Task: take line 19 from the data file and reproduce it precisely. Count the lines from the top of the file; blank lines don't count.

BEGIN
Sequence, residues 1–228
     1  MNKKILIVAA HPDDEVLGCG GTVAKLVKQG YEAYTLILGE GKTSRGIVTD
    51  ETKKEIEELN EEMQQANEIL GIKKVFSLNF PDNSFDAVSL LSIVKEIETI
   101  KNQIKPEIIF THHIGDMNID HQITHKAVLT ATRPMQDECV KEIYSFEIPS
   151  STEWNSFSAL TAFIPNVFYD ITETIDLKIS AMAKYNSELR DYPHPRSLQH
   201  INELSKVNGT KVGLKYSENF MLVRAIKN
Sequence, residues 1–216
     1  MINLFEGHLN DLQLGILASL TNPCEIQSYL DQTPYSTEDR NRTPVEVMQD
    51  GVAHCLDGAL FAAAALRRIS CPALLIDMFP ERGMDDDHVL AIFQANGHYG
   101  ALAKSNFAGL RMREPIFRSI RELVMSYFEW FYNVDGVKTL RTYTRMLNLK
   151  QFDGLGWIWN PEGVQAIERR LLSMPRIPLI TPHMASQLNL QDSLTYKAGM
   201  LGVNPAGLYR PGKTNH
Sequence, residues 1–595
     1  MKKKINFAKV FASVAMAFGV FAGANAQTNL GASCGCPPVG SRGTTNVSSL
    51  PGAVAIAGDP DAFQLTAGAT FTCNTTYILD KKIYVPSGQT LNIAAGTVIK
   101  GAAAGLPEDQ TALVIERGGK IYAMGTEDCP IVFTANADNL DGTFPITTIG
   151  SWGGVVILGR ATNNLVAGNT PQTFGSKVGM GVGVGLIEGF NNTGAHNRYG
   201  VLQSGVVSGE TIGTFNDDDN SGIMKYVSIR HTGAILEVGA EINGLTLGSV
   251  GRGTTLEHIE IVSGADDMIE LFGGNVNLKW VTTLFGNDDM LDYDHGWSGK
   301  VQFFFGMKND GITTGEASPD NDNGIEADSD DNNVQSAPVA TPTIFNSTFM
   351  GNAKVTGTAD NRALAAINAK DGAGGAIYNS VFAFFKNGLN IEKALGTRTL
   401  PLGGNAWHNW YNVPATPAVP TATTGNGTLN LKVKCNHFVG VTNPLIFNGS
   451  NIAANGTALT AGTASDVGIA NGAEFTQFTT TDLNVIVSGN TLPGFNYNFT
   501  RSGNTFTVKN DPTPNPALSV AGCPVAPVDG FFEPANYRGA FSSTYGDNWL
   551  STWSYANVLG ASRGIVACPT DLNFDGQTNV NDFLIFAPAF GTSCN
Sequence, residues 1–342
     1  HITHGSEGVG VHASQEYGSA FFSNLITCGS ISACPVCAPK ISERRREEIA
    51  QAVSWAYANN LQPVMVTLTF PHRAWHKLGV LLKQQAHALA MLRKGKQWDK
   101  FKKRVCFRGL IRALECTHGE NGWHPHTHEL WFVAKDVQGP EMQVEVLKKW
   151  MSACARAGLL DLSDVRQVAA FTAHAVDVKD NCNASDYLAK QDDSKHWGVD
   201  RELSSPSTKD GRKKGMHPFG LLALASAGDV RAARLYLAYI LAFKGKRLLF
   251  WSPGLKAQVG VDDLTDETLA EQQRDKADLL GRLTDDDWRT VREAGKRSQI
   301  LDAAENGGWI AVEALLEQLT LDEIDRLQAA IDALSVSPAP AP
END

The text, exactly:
   251  GRGTTLEHIE IVSGADDMIE LFGGNVNLKW VTTLFGNDDM LDYDHGWSGK